While e cigarette companies everywhere try to position themselves as the best vape product on the market, big tobacco is putting ecig health warnings on theirs.
If you take a look at the packaging from a MarkTen box or from that of a Vuse box you will find some pretty stern language. Both RJ Reynolds, who makes Vuse, and Altria, who makes MarkTen and purchased Green Smoke early last year, are taking the same tact.
This is so different from the path that Big Tobacco decided on in the decades of tobacco battles that it is surprising to say the least to see this type of behavior from them. Ecig health warnings from tobacco companies? Really! So, what gives?
Rather than having sudden pangs of guilt and a conscious for public health, the electronic cigarette health warnings can actually serve the needs of Altria and RJ Reynolds in different ways. When a MarkTen package contains the warning “Nicotine is addictive and habit forming, and is very toxic by inhalation, in contact with the skin, or if swallowed” it isn’t there to serve the consumer.
The exact same can be said for the front or back of aVuse box when it reads “who have an unstable heart condition, high blood pressure, or diabetes; or persons who are at risk for heart disease or are taking medicine for depression or asthma.” This stuff sounds scary, but the funny thing is that it won’t really affect their sales. Both e cigarette companies know what all the experts say: customers just don’t read the warning labels anyway.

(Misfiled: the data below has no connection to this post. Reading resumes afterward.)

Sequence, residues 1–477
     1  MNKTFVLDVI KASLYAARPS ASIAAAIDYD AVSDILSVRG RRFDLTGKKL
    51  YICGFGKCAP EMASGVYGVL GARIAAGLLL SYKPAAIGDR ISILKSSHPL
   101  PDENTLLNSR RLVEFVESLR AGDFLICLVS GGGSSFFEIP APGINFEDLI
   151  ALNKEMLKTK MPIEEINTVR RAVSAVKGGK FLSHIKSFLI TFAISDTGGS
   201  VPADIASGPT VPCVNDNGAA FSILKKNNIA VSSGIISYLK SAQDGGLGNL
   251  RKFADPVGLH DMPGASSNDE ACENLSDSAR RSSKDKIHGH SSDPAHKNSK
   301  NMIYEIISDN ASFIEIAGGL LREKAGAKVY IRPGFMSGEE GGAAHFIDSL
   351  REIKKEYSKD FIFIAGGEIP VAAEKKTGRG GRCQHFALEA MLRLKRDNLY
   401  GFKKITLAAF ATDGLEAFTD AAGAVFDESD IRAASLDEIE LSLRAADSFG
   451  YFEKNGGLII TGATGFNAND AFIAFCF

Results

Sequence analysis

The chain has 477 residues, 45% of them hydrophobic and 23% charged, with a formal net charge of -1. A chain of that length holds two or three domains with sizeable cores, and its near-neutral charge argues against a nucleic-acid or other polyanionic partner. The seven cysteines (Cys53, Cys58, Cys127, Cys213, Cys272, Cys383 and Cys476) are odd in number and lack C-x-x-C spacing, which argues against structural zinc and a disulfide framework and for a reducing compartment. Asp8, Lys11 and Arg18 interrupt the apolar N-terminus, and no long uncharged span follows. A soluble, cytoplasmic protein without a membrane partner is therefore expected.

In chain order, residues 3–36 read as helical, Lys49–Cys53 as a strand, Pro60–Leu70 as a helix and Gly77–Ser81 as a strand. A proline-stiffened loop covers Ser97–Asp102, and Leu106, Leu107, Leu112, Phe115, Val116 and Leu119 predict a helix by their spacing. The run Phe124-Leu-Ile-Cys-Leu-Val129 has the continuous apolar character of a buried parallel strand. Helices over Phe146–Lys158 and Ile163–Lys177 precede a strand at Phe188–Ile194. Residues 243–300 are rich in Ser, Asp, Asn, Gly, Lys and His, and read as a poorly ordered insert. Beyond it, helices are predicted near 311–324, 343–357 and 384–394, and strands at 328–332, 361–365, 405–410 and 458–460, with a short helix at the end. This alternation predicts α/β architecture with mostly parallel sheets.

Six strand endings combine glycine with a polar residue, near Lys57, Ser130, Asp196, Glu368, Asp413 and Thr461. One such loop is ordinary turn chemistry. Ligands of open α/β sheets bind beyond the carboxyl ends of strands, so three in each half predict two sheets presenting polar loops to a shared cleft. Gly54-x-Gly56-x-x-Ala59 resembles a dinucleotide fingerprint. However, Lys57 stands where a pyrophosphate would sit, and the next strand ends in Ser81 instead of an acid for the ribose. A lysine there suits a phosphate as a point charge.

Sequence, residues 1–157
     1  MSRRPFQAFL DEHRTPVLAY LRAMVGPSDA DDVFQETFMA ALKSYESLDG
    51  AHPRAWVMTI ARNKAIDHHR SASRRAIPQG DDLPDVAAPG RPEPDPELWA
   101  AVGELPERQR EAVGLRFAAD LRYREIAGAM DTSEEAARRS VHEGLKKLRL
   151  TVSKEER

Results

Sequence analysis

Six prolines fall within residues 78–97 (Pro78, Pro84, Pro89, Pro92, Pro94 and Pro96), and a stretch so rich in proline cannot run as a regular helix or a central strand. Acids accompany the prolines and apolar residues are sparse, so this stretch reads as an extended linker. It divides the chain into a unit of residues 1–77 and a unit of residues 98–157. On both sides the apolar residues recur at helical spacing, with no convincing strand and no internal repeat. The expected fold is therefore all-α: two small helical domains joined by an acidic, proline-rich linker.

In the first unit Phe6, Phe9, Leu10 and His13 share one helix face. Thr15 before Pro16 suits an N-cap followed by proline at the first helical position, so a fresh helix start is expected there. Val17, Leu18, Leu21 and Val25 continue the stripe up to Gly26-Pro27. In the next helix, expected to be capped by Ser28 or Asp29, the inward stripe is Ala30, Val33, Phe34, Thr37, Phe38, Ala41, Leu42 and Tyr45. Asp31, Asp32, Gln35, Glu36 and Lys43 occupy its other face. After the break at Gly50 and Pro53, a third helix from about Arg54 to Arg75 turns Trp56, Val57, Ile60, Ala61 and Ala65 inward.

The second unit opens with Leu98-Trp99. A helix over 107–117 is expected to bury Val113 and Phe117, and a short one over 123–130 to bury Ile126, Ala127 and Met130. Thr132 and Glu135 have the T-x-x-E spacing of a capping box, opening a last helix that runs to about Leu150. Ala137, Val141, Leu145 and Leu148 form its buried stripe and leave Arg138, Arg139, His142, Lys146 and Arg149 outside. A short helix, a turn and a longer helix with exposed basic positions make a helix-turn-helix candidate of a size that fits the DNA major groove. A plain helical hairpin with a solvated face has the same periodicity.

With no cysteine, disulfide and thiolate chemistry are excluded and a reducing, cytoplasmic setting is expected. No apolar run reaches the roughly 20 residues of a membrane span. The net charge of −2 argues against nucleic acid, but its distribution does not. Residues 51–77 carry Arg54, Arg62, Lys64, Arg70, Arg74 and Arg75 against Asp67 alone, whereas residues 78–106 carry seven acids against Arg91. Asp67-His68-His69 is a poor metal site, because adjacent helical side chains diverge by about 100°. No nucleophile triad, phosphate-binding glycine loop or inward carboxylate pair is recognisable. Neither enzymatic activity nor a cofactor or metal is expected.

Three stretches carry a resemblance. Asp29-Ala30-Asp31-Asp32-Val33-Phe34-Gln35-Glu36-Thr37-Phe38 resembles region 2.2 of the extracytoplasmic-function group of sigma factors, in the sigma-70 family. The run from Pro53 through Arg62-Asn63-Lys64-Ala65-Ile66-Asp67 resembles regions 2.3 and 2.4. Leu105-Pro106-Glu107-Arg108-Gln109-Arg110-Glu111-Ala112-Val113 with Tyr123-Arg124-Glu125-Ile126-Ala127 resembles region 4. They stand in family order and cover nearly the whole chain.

The Motives Behind Big Tobacco’s E-Cigarette Health Warnings
This means that the strategy of Altria and RJ Reynolds is to further themselves through their MarkTen and Vuseecig brands. First and foremost, they do this to cover their backsides, known in legal terms as their liability.
Both tobacco giants have been down the road of accusations and lawsuits for decades. In fact, one Big Tobacco lawsuit last year led to a $23.6 billion award to the plaintiff.
They must have learned that being smarter about how the advertise their products will lead to less problems in the future.
Secondly, this is also a way to try and beat othere cigarette companies through influence. By positioning themselves as “responsible” players in this growing industry, Altria and RJ Reynolds can frame their arguments for certain measures as being ones that protect the public as a whole.
This means that when they argue against “open” systems such as e cig tanks, they can claim it is for the safety of consumers. Of course we know that these open systems are potentially big competitors for the same customers that MarkTen and Vuse are fighting for, all trying to position theirs as the best e cig.
That may be a cynical angle from which to approach competition in the market, but it is a pretty smart one at that, isn’t it? These mammoth companies can claim to be transparent about the potential risks of their products, while at the same time marketing theirs over others.
This was probably at least part of the reason that a spokesman for Altria described the warnings on theirMarkTen packaging as part of “a goal to openly and honestly communicate about health effects.” You didn’t expect him to come out and say this is a way they can paint themselves as the good guys and still beat other e cigarette companies did you?
Some experts aren’t buying this new found innocence and it comes as no surprise. One of them is Dr Robert K. Jackler who researches cigarette and electronic cigarette advertising and serves as a professor at the Stanford School of Medicine. Dr. Jackler told the New York Times, “Is this part of a noble effort for the betterment of public health, or a cynical business strategy? I suspect the latter.”
We’re with Dr. Jackler on this one as it seems obvious even for us who don’t hold positions at a prestigious university. Printing ecig health warnings on all vapor product packaging is an interesting strategy that Altria and RJ Reynolds are putting into effect and one that we are sure to see more signs of. We can’t blame them for making the smart moves, but we’ll also be watching closely to see if they do succeed in stifling the evolution of a growing market. That is one side effect that we would seek to avoid at all costs.